The Ottoman Empire inspired great travel books as well as great architects. Travellers like George Sandys, Richard Pococke or the Chevalier d’Arvieux in the 17th and 18th centuries were curious, erudite and less arrogant than their 19th-century successors.
David Gilmour enjoys an idiosyncratic journey around this vast country of sometimes unbearable contrasts
The Oxus, that vast central Asian river that rises somewhere in the Afghan Pamirs, has fascinated explorers for centuries. Its…
Harry Mount looks across the Dardanelles and sees yesterday’s weather today
Apart from knowing your onions, you should be widely travelled, and preferably artistic, to cut the mustard these days, Fay Maschler suspects
Some travel writers, in an attempt to simulate the hardship of Victorian journeys, like to impose artificial difficulties on themselves.
Before tourism came travel; and before travel, exploration.
A few minutes’ walk from Paddington Station is a drinking den and restaurant called the Frontline Club, a members’ club for foreign correspondents.
What is a Bug? For this book, any animal that is not a Beast: the whole invertebrate realm, from the humble amoeba, through insects (more than half the book), to octopuses and sea-squirts (the distant forbears of you and me, lords and ladies of creation).
In an age when it is fashionable to travel with a fridge, Nicholas Jubber’s decision to take an 11th-century epic poem as his travelling companion to Iran and Afghanistan can only be admired.
At the beginning of The Ask, Horace sits with Burke and proclaims that America is a ‘run down and demented pimp’.
Half a century ago I read W. G. Hoskins’s book, The Making of the English Landscape, when it first came out. It was for me an eye-opener, as it was for many people.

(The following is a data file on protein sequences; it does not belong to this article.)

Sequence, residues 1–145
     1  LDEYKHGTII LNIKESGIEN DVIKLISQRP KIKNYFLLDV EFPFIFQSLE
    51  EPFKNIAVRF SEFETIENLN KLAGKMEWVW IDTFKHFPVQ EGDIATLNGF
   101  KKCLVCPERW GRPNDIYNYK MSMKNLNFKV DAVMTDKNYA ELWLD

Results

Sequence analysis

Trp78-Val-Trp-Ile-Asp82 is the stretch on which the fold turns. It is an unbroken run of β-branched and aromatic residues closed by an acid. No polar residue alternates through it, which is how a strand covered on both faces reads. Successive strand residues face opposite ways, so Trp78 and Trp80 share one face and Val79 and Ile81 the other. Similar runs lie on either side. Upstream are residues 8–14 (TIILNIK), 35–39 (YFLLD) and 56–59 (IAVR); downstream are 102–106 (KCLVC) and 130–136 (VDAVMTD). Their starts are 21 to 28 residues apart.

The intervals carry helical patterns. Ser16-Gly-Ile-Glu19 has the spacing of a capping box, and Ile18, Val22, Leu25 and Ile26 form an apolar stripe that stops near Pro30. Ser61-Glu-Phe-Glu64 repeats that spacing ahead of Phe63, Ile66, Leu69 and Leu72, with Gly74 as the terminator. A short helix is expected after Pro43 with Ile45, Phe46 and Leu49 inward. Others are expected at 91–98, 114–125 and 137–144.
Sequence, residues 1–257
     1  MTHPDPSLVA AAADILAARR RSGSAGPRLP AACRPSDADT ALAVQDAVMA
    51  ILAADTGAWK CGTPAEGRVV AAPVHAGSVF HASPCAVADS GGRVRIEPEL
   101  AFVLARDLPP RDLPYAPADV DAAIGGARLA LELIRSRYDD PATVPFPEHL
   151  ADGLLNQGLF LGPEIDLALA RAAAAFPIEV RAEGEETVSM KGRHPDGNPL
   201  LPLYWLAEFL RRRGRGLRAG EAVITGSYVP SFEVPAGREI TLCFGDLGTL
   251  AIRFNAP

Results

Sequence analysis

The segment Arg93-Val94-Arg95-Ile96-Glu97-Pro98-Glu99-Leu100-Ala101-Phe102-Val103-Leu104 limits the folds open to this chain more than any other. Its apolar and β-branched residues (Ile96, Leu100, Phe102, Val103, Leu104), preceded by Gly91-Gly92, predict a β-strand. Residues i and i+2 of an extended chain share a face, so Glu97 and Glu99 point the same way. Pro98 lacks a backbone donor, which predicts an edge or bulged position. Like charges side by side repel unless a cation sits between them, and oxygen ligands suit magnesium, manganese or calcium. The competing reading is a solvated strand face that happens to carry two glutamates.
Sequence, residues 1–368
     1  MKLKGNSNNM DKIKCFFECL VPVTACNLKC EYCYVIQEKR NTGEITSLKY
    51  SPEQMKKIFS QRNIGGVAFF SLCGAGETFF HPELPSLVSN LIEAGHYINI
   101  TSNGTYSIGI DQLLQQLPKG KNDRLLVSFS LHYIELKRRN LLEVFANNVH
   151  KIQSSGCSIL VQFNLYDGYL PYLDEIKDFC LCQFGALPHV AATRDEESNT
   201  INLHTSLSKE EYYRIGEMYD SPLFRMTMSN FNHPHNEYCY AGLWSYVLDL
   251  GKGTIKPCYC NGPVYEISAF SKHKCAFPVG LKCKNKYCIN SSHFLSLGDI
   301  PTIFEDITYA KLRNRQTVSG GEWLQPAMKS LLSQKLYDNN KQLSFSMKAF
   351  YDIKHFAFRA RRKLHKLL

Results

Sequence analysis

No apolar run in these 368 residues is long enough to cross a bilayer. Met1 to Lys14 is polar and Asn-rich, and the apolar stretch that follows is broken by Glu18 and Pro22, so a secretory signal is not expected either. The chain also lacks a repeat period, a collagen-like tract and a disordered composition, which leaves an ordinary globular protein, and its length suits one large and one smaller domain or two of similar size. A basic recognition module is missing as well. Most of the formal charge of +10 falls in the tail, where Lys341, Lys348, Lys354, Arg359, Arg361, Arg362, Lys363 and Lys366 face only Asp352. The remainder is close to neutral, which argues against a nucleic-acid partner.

In 1931, a 23-year-old Englishman called Henry ‘Gino’ Watkins returned from an expedition to the white depths of the Greenlandic ice cap.
John Simpson quotes Humbert Wolfe’s mischievous lampoon but makes it clear that, in spite of the somewhat disobliging title of his book, he does not accept it as fair comment.
I was sitting recently with a former US marine by one of the huge open windows on the top floor of the Caravelle Hotel in Saigon.
If it wasn’t for the sheer misery of most of its luckless inhabitants, wouldn’t the world be a duller place without North Korea?
For the last 30 years John Lister-Kaye has lived at Aigas, in the valley of the River Beauly, seven or eight miles from the sea and half an hour west of Inverness.
Award-winning poet Ruth Padel established her prose credentials with her autobiographical travel book, Tigers in Red Weather.
Port-au-Prince, the Haitian capital, lies on a marshy bay encircled by mountains.
Twenty years ago, when William Dalrymple published his first book, In Xanadu, travel writers tended to follow the example of Paul Theroux, whose huge success then dominated the genre, and to cast themselves as the heroes of their narratives.
In the 1950s, when I was 14, I spent a winter fortnight with my parents at the Villa Mauresque, which Somerset Maugham had lent to them to entertain the recently widowed Rab Butler and his daughter, Sarah.
Stranger to History: A Son’s Journey Through Islamic Lands, by Aatish Taseer
Jeff in Venice, Death in Varanasi, by Geoff Dyer
The Lost City of Z, by David Grann
The Last Supper: A Summer in Italy, by Rachel Cusk